|Starring||Christina Hendricks, Bailee Madison, Martin Henderson, Emma Bellomy, Lewis Pullman, Damian Maffei|
|Release||4 MAY (UK) Certificate 15|
Fast-forward ten years, and we now have a belated sequel that retains all of its predecessor’s more banal elements, and has forgotten what made it remotely interesting. With the location for the stalk-and-kill switched up from holiday home to trailer park, this film immediately feels less personal and more unremarkable in showing us a family of four being tormented by three masked psychopaths. Then, as the family find opportunities to fight back against their attackers – surely helped by the fact that the teenage son is clearly in his mid-twenties – their masks start to slip a little. The untouchable assailants are shown to be entirely touchable; they now seem less like a mysterious nightmare, and more like just a crazy – but fallible – gang.
Elsewhere, this film suffers from all the worst of the genre’s most commonplace flaws. Every jump scare is telegraphed well in advance and stupid horror logic persists throughout: a woman shot in the stomach at point blank range with a shotgun is blown backwards, but still lives long enough to have a final exchange of words; while another character takes several moments to realise that he has a giant wooden beam sticking out of his abdomen.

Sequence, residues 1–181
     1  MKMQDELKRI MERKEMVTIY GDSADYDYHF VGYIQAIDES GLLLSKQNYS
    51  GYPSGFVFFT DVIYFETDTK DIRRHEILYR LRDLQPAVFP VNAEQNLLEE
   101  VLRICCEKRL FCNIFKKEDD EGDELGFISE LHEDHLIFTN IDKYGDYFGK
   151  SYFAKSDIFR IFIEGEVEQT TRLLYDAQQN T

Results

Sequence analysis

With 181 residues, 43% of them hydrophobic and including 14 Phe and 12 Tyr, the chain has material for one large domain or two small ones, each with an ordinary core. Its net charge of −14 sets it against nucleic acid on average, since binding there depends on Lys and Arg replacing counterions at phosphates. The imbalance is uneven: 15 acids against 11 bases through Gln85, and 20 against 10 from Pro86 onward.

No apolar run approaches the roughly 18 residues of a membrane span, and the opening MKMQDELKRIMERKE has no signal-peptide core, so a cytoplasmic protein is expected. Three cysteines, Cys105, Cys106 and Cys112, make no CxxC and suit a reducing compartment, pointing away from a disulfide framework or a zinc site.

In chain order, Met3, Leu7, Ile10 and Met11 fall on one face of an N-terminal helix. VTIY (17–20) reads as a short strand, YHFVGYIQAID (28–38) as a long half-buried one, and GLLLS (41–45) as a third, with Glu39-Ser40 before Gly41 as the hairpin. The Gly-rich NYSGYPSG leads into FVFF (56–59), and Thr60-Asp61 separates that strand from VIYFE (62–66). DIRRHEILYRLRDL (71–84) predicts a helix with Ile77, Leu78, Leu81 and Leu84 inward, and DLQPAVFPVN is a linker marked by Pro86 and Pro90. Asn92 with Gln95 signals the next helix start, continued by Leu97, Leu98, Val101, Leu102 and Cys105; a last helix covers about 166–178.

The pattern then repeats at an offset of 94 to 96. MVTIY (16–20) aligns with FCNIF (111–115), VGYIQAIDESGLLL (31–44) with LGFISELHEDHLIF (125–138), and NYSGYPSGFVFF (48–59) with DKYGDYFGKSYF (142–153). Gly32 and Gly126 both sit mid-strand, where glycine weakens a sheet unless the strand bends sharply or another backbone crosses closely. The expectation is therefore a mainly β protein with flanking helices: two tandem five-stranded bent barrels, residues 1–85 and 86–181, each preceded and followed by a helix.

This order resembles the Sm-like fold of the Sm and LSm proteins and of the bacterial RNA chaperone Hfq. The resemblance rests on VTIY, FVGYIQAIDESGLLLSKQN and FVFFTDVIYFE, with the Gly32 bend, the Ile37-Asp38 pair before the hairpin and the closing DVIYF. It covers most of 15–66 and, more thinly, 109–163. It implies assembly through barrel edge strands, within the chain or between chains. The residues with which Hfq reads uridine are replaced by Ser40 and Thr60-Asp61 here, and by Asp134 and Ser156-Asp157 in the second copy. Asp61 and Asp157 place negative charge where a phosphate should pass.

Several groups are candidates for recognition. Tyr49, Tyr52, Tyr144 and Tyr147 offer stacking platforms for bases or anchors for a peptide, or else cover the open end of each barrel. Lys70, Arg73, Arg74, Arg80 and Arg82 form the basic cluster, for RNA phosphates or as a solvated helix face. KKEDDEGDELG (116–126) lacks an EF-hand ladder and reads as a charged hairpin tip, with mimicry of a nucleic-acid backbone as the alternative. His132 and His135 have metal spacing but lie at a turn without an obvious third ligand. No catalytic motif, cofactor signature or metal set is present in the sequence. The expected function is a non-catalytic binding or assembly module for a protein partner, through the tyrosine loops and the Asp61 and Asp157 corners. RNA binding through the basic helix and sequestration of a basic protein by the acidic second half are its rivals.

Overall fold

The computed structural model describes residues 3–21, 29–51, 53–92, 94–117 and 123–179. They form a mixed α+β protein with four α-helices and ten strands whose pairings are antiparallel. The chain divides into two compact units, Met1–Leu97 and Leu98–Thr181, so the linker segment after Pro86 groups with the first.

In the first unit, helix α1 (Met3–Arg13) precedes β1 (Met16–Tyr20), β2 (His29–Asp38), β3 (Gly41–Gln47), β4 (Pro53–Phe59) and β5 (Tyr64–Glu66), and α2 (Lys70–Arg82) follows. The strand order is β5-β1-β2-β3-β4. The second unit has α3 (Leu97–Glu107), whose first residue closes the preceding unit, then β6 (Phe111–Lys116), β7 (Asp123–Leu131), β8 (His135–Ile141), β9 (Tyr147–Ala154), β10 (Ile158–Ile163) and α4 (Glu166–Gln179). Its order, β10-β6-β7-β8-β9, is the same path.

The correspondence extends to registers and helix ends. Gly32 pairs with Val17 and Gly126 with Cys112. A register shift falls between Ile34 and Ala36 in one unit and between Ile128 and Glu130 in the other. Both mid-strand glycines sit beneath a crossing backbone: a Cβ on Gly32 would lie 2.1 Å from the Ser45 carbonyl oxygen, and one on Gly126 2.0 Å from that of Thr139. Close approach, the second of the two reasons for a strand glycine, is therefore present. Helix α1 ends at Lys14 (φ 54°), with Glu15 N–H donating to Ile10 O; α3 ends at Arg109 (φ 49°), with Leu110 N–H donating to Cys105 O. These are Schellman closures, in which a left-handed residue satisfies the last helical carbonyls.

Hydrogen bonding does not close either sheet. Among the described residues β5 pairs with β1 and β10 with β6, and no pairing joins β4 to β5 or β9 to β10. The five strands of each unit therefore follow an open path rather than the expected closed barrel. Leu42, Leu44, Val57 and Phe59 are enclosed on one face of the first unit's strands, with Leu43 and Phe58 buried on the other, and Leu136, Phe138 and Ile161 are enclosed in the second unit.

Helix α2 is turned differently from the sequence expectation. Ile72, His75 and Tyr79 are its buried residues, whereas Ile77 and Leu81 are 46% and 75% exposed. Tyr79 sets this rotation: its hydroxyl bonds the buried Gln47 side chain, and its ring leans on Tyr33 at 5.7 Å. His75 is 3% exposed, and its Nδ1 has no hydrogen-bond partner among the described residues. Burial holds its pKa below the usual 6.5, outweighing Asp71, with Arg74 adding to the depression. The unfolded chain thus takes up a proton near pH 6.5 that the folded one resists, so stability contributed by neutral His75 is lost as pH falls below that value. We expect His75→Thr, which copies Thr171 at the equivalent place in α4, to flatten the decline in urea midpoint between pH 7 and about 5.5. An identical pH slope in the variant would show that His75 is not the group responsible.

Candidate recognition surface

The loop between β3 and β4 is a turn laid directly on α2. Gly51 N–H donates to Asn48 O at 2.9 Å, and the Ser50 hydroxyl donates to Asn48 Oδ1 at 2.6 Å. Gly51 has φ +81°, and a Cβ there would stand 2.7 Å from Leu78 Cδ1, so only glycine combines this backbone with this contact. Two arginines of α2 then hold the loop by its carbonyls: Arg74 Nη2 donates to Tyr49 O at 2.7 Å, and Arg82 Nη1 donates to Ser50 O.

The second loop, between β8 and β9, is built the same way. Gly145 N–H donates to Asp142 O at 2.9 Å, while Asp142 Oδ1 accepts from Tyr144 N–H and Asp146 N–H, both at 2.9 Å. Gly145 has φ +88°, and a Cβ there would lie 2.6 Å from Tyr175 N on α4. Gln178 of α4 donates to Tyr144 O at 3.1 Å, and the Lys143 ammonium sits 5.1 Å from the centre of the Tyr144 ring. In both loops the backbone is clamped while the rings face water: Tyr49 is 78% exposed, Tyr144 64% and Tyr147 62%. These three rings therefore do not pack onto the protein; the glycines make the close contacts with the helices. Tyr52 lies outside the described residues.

Most frustratingly, none of the characters do what you want them to do in any given moment. They don’t run away when it would be easy to do so, they don’t stand and fight when they might as well, and everything they do, rather than being in their own best interests, is clearly for the benefit of a bloodlusting audience that just want to see axe fodder get from Safe Place A to Kill Zone B.
But such is the tradition of generic horror flicks. This one at least deserves an extra star for a visually interesting set-piece in an outdoor swimming pool, backlit by neon signage and set to the tune of Total Eclipse Of The Heart. Although, an homage to Urban Legend with some tongue-in-cheek fun during the "Turn around…" part of the song could have injected some much-needed self-aware humour into proceedings.
Overall though, it’s typical slasher-by-numbers stuff. No doubt loved by the audience it was made for, but it’s clear the film has abandoned the best qualities of the original film, which it has so obviously preyed/prayed upon.
See? That doesn’t work at all.